Geographic Differences

CBN Data report also shows that the way mommies and daddies nurture their beloved babies changes according to where they live. Parents in western China are most interested in western products, with Xinjiang mothers manifesting this tendency in the strongest way and Sichuan ones following closely. The difference in the domestic product purchasing preference is not that relevant but it’s interesting to notice that consumers in International cities like Shanghai and Beijing are the least likely to purchase domestic products, with Shanghai leading this group. Even though the basis of this market is still fragile, Shanghai babies are the ones who eat healthy snacks the most, while North East and Inner Mongolia are the biggest consumers of milk tablets and other milk based products. It is also interesting to know that many northwestern parents are nouveau riches and they are willing to buy very pricey children supplements: Gansu ranks second in the top ten of the propensity to spend, and Xinjiang third.

Part two: Purchasing Channels of baby products market

Talking about the current situation of the infant nutrition market in China, the keywords that come to us in mind are product innovation-upgrade and channel differentiation. This market has much better development possibilities than before, but in order to grasp customers’ needs an understanding of the pros and cons of different sales channels is important. Different channels require distinct strategies, like optimizing the offer by dividing baby product customers in groups, improving online shops’ price management systems, optimize product differentiation etc. This is why some of the data in Nielsen’s “Blue Book on the Baby Product Industry of China” are particularly significant.

Online vs Offline: Who will win the battle?

Analyzing both online and conventional shops customers, the report discovered that online shops purchasing is preferred mainly for being more convenient, while physical stores are generally chosen for their professionalism and safety. In online purchases, customers are very attracted to features like “save time”,“door to door”,“easy to compare”,“24/24 order”, while in physical stores the quality of goods and the shopping experience are the most important things they consider. In addition, even though the habitual customers of overseas online shops represent a relatively low percentage (5%) of the total, they belong to the highest salary and education group and generally look for high quality, certified and/or high price products. Under the impact of imported online purchases, the frequency and spending capacity of physical shop customers is decreasing. Based on this we can assume that foreign goods sales will still increase. However, given the uncertainty of future policies the extent of this growth cannot be foreseen.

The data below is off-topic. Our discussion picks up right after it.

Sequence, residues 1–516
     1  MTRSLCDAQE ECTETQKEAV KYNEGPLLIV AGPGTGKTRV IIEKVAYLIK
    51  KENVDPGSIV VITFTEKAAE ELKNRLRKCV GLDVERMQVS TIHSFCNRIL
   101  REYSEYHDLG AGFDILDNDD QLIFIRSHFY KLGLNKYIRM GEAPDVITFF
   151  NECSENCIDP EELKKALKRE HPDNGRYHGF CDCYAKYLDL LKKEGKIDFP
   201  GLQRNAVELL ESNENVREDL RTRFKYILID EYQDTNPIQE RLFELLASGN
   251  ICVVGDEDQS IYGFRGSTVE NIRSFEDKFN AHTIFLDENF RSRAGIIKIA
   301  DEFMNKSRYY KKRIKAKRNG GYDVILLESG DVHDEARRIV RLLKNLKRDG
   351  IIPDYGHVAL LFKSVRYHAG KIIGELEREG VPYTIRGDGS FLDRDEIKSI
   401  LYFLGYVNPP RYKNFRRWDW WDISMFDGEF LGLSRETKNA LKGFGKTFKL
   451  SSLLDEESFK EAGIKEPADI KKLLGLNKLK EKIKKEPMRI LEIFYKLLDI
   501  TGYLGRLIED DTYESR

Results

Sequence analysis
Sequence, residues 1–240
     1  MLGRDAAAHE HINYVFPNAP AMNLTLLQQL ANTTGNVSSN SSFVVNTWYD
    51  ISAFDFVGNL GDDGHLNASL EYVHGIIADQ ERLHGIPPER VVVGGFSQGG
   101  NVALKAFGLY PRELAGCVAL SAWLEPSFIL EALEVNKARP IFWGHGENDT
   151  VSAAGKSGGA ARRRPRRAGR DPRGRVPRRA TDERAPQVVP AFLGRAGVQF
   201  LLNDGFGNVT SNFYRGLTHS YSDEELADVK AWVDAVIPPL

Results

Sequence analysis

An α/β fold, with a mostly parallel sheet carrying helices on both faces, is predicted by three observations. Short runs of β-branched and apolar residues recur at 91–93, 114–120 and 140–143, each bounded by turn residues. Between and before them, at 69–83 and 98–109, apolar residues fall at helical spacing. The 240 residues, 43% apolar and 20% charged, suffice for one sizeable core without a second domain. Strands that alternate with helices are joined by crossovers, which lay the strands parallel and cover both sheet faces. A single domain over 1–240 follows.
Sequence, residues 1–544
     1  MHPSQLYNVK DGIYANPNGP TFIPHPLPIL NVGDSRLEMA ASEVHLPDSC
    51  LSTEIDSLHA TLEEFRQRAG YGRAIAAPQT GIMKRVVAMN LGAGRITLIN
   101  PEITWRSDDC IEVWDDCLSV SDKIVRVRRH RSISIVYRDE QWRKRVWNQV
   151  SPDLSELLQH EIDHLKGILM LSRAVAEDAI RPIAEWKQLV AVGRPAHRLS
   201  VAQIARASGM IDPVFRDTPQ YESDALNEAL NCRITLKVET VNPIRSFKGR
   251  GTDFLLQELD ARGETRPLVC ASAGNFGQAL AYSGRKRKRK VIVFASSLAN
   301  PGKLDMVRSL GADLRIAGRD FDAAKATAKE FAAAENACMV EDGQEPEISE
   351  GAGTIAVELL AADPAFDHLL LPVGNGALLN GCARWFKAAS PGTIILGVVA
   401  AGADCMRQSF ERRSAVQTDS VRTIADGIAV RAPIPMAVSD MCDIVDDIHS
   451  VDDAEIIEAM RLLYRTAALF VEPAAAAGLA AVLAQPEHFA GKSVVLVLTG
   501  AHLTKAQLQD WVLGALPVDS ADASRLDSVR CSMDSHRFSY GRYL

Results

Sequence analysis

Ongoing trends and advice

Since 2003 to the 3rd quarter of 2016, offline price of baby formula experienced an average annual growth of 11%, and this tendency didn’t decelerate with the slowdown of GDP growth. One of the drivers of price rise is the premiumization of the sector, a trend that started along with the increase in imported original packaging and organic baby formula. Adapting to this trend, many manufacturers began their own process of premiumization including medication of formula, use of more expensive ingredients like OPO, GOS, FOS, ARA, DHA, EPA etc. Offline purchases also deserve attention by retailers and producers, first of all because mother and baby shops in lower level cities and villages still occupy a significant percentage of the total and secondly, because urban purchasing of baby products is scattered. The influence of the registration system of baby formula also constitutes a good business opportunity.